JR: At least for me, I think that I just try to continue on the same path. I try not to pay too much attention to that because like you said it is pressure. If it builds too much then it could have a negative effect. I think just trying to become a better player, a better listener and overall a better writer.

    TA: Yeah, I would kind of second that. When I first did the self-titled album it was more that no one had necessarily heard of me and had a years worth of writing that I really wanted to get out to people and it wasnt spurred on by any sort of idea of competition but more of me being inspired by the greatest guitarists that I had ever heard. Then being thrown around in the same sentences as some of the greatest guitarists that I had ever heard it started to change the dynamic to where I felt that I had to maintain a level of technical prowess or maybe exceed what I had done before and that definitely had started to become a negative influence so I think on this album I made a conscious effort to not to compete with myself or anyone else and just do something that was musical.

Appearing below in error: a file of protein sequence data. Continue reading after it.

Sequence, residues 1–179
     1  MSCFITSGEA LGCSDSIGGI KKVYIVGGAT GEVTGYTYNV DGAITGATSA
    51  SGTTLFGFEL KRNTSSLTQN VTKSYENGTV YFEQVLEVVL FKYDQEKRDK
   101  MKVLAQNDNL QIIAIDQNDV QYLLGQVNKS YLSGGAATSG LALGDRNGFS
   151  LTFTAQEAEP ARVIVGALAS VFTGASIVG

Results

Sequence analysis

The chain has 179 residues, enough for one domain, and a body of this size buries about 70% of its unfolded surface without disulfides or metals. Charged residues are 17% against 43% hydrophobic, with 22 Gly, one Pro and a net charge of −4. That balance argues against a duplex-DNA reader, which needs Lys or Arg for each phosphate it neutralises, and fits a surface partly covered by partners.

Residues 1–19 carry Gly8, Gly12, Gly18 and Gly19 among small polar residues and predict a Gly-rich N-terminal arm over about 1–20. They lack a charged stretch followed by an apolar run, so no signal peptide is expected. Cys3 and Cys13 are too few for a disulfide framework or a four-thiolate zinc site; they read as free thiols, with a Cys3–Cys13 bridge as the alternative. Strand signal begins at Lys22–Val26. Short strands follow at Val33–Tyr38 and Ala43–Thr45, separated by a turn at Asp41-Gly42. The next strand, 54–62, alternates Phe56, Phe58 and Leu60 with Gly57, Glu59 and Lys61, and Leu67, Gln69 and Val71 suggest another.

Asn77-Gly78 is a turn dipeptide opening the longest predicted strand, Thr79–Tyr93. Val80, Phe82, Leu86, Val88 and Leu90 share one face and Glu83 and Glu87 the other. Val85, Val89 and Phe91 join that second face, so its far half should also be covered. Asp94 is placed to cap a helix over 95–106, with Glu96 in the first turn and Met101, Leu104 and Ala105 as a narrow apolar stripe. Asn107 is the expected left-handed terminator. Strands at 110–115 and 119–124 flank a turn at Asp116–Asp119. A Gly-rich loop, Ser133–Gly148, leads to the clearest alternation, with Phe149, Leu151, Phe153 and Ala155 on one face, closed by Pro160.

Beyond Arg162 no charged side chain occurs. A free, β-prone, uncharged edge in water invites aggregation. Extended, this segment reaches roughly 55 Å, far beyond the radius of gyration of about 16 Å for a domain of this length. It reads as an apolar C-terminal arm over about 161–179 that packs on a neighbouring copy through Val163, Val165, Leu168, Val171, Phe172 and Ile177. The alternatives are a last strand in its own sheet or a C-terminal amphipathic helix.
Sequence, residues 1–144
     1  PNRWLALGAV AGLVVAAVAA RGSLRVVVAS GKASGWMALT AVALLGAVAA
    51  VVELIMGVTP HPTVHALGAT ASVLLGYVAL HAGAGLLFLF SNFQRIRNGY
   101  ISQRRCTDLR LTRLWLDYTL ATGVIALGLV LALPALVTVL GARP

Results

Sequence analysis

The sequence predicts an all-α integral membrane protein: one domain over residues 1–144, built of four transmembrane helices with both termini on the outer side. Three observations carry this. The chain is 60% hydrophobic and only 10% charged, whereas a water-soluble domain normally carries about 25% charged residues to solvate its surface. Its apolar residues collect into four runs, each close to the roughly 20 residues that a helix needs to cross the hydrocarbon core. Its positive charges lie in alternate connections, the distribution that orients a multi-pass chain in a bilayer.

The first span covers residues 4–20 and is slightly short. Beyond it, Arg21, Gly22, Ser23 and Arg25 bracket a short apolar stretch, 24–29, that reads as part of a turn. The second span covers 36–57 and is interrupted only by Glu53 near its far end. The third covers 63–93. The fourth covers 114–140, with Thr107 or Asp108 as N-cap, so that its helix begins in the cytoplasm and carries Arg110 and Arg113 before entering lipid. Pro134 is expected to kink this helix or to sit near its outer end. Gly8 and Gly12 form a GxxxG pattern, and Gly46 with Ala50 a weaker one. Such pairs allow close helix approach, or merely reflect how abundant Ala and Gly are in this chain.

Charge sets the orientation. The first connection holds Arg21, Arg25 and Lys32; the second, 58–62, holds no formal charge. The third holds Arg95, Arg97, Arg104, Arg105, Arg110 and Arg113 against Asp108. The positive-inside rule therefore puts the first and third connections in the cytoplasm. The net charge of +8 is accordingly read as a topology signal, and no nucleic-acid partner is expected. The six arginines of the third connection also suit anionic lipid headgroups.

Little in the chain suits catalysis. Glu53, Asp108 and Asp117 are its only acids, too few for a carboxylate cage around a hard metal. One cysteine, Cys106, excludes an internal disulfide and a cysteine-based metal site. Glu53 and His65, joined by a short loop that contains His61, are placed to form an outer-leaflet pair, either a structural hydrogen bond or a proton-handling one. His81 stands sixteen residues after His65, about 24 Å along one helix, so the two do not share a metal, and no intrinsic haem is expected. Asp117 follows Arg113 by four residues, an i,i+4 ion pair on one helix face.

Check out the rest of the interview at Loudwire



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Animals As Leaders recently dropped their latest albumThe Joy Of Motion and it is still on high rotation at Maniacs HQ! Full Metal Jackie recently caught up withTosin AbasiandJavier Reyes to talk about their latest album, check it out below!

Creatively, how blurry is the line that separates technical expertise from instinct and feel and how does using both approaches best suit Animals as Leaders?

TA: I think our intuition is basically what guides us to decide what we decide is good music. Right? I guess why we write technical music is because we have been listening to progressing and technical music for so long that it becomes what we naturally create ourselves. So, we arent being super cerebral in trying to make the song overly complex or anything like that but we have consumed a steady diet of complex music to the point where it is kind of like our bread and butter.